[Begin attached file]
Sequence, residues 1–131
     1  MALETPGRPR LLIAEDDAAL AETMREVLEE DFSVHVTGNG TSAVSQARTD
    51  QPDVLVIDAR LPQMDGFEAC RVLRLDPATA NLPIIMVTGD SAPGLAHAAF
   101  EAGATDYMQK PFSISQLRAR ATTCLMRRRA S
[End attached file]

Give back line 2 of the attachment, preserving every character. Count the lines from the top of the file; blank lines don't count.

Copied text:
     1  MALETPGRPR LLIAEDDAAL AETMREVLEE DFSVHVTGNG TSAVSQARTD